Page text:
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Networking Certification for Computational Biologist

Discussion in 'General Cisco Certifications' started by sid5427, Dec 16, 2012.

  1. sid5427

    sid5427 New Member

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    Hi guys

    I have been toying with the idea of learning more about computer networks and their design.

    I would like to , in the future, deploy distributed computing architectures for heavy computing work. As the title probably suggests, i deal with biological data such as genetics,etc.

    To cut a long story short , i need to learn the intricacies of networking. Of course, my networking knowledge is limited to wireless routers,basic switches and inter connecting pcs using that,but nothing of the advanced features you guys must be knowing.

    So any suggestions ? I was looking at the CCNA syllabus and i have brushed upon those topics in my undergrad studies, so its a little familiar. Plus a few google searches revealed i may even need to purchase some test kits/ hardware to actually practice the concepts.

    Thanks guys
     
  2. parman05

    parman05 Byte Poster

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    Ccna is good for cisco related networking. For a general education I would look at the network + books. Then move to the ccna
     
    Certifications: A+, Network +, MCTS WIN7 (70-680), MCITP WIN7 (70-685), MCSA WIN7, Linux +,LPIC-1, Novell CLA 11, SUSE 11 Tech Spec, DC Tech Spec
    WIP: 70-640, 70-642, security +, CCNA
  3. dmarsh

    dmarsh Terabyte Poster

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    The more expensive super computers do not use ethernet or TCP/IP for their inter-connects, it does't deliver the peak performance and low latency required.

    There are many different ways of doing HPC, some do involve commodity hardware like 10 Gigabit Ethernet to build Grids or Clusters. However these days its most likely easier to rent cloud compute services like AWS.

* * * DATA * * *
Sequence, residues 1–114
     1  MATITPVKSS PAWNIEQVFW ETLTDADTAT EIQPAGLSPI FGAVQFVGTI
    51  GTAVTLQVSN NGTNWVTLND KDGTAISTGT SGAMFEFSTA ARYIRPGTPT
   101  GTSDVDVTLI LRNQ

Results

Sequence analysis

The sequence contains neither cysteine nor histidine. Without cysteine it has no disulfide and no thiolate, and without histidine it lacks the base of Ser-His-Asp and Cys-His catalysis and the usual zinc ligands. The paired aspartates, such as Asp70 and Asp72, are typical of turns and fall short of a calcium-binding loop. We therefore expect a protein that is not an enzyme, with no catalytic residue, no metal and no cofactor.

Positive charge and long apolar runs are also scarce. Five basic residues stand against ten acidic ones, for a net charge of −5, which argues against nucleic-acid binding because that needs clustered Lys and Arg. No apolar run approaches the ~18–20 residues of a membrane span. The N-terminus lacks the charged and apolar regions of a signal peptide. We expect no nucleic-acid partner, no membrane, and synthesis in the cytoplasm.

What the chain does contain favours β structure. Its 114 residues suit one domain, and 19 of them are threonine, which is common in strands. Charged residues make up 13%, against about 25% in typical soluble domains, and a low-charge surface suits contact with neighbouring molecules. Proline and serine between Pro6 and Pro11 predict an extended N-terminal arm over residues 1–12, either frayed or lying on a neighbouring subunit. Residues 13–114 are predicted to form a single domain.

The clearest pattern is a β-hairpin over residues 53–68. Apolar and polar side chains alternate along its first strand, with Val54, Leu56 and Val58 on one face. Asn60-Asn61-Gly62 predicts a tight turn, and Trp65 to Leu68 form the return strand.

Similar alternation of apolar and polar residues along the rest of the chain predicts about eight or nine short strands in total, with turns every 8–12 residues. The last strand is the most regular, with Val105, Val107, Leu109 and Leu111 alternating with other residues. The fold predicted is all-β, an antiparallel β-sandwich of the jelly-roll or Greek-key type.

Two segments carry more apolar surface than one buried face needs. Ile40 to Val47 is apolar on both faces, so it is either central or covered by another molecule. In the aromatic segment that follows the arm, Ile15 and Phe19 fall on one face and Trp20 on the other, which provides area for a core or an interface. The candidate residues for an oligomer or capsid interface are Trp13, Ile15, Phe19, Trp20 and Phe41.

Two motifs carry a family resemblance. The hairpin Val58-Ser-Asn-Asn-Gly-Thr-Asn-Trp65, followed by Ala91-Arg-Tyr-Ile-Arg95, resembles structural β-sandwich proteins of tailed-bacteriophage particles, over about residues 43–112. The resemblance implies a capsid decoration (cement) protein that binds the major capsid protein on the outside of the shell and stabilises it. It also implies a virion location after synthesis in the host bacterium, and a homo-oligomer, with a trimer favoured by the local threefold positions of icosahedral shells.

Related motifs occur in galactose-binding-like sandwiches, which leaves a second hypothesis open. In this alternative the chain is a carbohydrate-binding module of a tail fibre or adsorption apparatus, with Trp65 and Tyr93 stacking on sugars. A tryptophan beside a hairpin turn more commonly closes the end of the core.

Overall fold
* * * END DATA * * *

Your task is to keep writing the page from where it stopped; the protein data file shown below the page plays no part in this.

I do not think a CCNA is the best use of your time if you are a biologist interested in computation. You should probably learn to program one high level language and learn a little about HPC and simulation.

    Look at masters degrees that cover scientific computing.

    Personally I'd want to see topics like CUDA, OpenCL, Hadoop, BigData, SQL, NoSQL, OLAP, MPI, OpenMP, Multi-threading, R, Matlab, C++, Python, HPC architectures, Simulation, Statistics, Genome Sequencing etc.

    You should research the area of HPC, Bioinfomatics, Synthetic Biology etc, and what interests you on the internet.

    If all you want to do is deploy commodity hardware then the CCNA may help a little, but you will be competing in a market where there is a lot of existing talent.

    Cisco do make some Infiniband and fibre-channel devices but I have no idea if the CCNA mentions them.
     
    Last edited: Dec 16, 2012
    Certifications: CITP, BSc, HND, SCJP, SCJD, SCWCD, SCBCD, SCEA, N+, Sec+, Proj+, Server+, Linux+, MCTS, MCPD, MCSA, MCITP, CCDH
  4. sid5427

    sid5427 New Member

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    Aha ... well .. am already a bioinformatician (or my undergrad degree says so :P ) ... and right now working towards a masters degree in computational biology,

    have significant experience using java based neural networks, and then programming experience with C/C++, Python, Java, Perl, plsql, mysql, R ( and bio stats ...), bit of Stata.
    and dabbled with distributed computing systems.

    My main idea was to setup up those actual distributed systems. mainly building or designing custom clusters of computers and if possible, reinforced by GPUs, using either CUDA or openCL for the interfaces.

    To be honest, i was looking at the CCNA certification for more indepth knowledge and to show potential supervisors that I am skilled in networking, making Phd applications a little better.
     
  5. dmarsh

    dmarsh Terabyte Poster

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    I'm not a HPC expert but I suspect that the most important aspects when designing such systems are :-

    Performance per watt
    Latency
    Throughput
    Cost per PetaFLOP

    As such its most likely that experienced Electronics Engineers get the most input into their design.

    Titan cost $100 million to build. The annual power cost is likely $10 million.

    It uses a Cray Gemini interconnect made of custom router ASIC's, some systems use Infiniband FDR/EDR, you won't learn about custom interconnects or infiniband on a CCNA.

    Gigabit Ethernet was supposed to take over the datacentre and HPC but its yet to happen.

    infiband.jpg

    Most applications will likely use MPI which will not use TCP/IP as the underlying transport on these sorts of systems.

    Here is a cray document describing Gemini, its the sort of stuff you would need to understand if you wanted to be designing such systems.
     
    Last edited: Dec 24, 2012
    Certifications: CITP, BSc, HND, SCJP, SCJD, SCWCD, SCBCD, SCEA, N+, Sec+, Proj+, Server+, Linux+, MCTS, MCPD, MCSA, MCITP, CCDH
  6. dmarsh

    dmarsh Terabyte Poster

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    Certifications: CITP, BSc, HND, SCJP, SCJD, SCWCD, SCBCD, SCEA, N+, Sec+, Proj+, Server+, Linux+, MCTS, MCPD, MCSA, MCITP, CCDH

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